Joining in? Chinese audience protocol in the spolight
Although The Australian Voices toured China once before (twice if you include Taiwan), the line-up – conductor and all singers – has since turned over completely, so our trip in December 2012 was a first. Like the naive protagonist at the beginning of a roadtrip movie, I felt overly confident and giddily unaware of what was in store.
We at The Australian Voices are pretty used to guerrilla touring (motels with an ‘M’; two to three concerts per day; intimate familiarity with the McDonald’s menu). Compared to our usual standards, this Musica Viva tour was as close to luxury as lowly choral musicians can achieve, funded in part by the Department of Foreign Affairs and Trade and produced by Barry Plews, a fascinating Australian man who has spent the last 20 years working in the thriving arts scene of Shanghai. The great thing about staying in hotels (with an ‘H’!) and giving only six performances in three weeks was the abundance of rehearsal time. We practised all day about four times a week – also a rare luxury for musicians!
The concerts were peppered with the spectacle of two actual Chinese speakers in the group and myself introducing the songs in Mandarin. After the first piece had concluded, I would approach the microphone (with that feeling of climbing a high-dive platform and suddenly regretting it) and began my painfully-rehearsed spiel; I had notated it on manuscript and literally sang out “Dàjia¯ haˇo!” With a flurry of applause, the audience would politely let me know that I didn’t completely suck.
Curiously, it’s the more adventurous and bizarre music that really drew a response. For Ng’s Stellar Mansions (on “Tao, Life and the Universe”) we lie down onstage to sing, as though gazing at the cosmos through a glass ceiling. I’m pretty sure the Chinese audiences liked this, because when I zoomed around in front of 600 people for three seconds of applause at the Hangzhou Theatre, I was greeted with a sea of Apple devices capturing the spectacle of prostrate musicians getting their smart evening-wear creased and slightly dusty on the floor.
In Guangzhou we were to sing the Chinese and Australian National Anthems at the 40th anniversary celebration of diplomatic relations between the two nations. I had arranged each (with somewhat spikier harmony than either we or they are used to) to be combined as one composition (after checking about 90 times that the anthem was indeed that of the People’s Republic and not of Taiwan – a major diplomatic incident averted! Federal Arts Minister Simon Crean and the Governor of Guangdong Province were in attendance there and at our final performance, at the Xinghai Concert Hall on December 9. During intermission, the two politicians and their entourages descended backstage, the Governor remarking that the bird-calls in Stephen Leek’s Kondalilla reminded him of his rural childhood home. Fencing us in was an armada of minions, translators and bodyguards, all poised to proffer a business card or take a bullet.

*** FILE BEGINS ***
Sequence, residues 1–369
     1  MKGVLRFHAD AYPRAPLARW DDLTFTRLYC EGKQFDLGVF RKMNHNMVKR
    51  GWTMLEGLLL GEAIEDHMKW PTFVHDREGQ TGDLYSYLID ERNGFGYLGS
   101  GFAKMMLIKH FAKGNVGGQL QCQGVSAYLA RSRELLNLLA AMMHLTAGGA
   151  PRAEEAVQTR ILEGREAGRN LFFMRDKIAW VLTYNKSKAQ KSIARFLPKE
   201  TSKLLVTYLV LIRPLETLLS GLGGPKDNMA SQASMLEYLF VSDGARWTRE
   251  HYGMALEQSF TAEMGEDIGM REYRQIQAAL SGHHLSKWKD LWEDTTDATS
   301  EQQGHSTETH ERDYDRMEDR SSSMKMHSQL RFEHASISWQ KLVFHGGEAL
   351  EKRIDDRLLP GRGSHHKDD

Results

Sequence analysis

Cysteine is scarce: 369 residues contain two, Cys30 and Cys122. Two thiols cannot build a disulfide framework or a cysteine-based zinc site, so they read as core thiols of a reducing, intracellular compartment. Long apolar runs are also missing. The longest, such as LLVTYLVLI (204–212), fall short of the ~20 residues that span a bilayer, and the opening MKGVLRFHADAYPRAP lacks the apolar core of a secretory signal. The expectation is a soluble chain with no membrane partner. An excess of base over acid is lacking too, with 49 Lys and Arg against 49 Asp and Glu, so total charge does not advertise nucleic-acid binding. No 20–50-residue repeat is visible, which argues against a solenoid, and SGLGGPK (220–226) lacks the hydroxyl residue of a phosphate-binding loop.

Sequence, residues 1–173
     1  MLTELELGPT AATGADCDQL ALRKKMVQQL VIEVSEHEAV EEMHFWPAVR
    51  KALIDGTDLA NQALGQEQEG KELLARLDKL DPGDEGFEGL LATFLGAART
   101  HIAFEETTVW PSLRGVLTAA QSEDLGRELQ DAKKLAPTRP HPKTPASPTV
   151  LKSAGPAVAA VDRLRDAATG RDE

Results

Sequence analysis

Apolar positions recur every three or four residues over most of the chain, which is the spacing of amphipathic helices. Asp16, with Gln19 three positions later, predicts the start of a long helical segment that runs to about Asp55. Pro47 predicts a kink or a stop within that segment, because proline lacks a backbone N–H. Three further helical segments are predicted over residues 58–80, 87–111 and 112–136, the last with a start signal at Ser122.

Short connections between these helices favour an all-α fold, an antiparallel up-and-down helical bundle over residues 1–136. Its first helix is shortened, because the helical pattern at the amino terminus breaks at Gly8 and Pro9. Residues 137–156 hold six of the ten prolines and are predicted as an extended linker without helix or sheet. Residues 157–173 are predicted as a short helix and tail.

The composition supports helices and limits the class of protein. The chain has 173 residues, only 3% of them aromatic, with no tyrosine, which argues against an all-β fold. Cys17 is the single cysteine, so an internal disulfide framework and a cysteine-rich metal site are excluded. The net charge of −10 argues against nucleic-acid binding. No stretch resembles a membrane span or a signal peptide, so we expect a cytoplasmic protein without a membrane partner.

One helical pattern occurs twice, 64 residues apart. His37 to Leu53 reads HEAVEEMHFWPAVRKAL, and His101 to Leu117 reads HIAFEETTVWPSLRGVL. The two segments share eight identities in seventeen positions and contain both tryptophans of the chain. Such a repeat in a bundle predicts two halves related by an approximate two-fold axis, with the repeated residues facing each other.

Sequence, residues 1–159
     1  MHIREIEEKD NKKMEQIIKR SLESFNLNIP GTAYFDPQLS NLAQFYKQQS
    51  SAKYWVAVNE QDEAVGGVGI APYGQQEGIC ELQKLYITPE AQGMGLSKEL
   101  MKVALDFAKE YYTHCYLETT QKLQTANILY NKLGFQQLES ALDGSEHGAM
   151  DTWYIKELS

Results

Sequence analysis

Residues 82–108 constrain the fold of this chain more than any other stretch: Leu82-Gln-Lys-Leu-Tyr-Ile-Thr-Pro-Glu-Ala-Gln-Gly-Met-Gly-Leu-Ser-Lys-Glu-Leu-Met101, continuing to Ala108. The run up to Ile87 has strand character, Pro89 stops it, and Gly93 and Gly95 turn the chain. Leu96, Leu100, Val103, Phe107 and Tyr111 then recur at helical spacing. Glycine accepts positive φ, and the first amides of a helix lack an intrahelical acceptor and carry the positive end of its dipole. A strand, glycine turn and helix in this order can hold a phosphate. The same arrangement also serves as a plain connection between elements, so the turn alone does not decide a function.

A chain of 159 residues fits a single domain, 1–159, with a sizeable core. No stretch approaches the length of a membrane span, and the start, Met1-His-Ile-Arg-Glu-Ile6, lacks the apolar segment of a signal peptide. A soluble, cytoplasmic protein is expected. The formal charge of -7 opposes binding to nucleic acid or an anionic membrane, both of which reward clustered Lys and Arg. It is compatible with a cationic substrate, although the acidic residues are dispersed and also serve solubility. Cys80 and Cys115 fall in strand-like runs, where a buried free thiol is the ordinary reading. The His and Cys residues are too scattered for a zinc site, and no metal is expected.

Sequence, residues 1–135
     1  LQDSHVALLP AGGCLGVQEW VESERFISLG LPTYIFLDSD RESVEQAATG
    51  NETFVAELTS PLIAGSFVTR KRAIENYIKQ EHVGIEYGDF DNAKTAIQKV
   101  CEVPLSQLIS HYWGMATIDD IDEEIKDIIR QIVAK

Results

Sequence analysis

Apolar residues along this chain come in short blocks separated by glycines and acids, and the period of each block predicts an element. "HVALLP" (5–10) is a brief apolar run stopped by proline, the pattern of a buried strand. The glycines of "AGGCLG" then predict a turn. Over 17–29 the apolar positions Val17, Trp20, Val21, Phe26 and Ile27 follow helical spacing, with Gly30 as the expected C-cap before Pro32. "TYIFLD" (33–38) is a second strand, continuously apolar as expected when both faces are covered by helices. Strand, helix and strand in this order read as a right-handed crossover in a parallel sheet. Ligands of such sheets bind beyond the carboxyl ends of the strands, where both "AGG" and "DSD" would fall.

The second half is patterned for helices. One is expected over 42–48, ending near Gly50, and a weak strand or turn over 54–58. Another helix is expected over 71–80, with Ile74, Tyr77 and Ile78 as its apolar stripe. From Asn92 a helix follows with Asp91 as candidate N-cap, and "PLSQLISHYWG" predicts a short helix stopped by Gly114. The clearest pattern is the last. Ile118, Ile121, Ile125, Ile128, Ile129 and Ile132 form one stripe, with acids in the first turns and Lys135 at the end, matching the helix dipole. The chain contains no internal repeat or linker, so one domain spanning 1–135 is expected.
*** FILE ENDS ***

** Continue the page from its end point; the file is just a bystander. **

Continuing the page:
As far as I could tell, during our performance at The Lyceum in Shanghai, plans for new cities were being mapped out and generational feuds were coming to their messy conclusions, all on phones. Applause, rather than arriving in discrete bell-shaped packets between the works, was distributed evenly throughout the music (circus-style) as the sine wave a = 1 + sin t (where a = Approval and t = Time).
Most performers in Australia would be cursing their audience or running for the hills, but in China we found the chatter completely charming! We certainly weren’t offended – it seems they were ardently discussing our unearthly noises. And there was some very welcome noise indeed at the beginning of Nicholas Ng’s arrangement of Yue Er Ming (‘Moon is Bright’), when a solo baritone sang the traditional lullaby once in English. Not understanding the text, but recognising the tune, the audience joined in with the Mandarin words: a cross-cultural, bilingual sing-along that goes to show how connected we really are.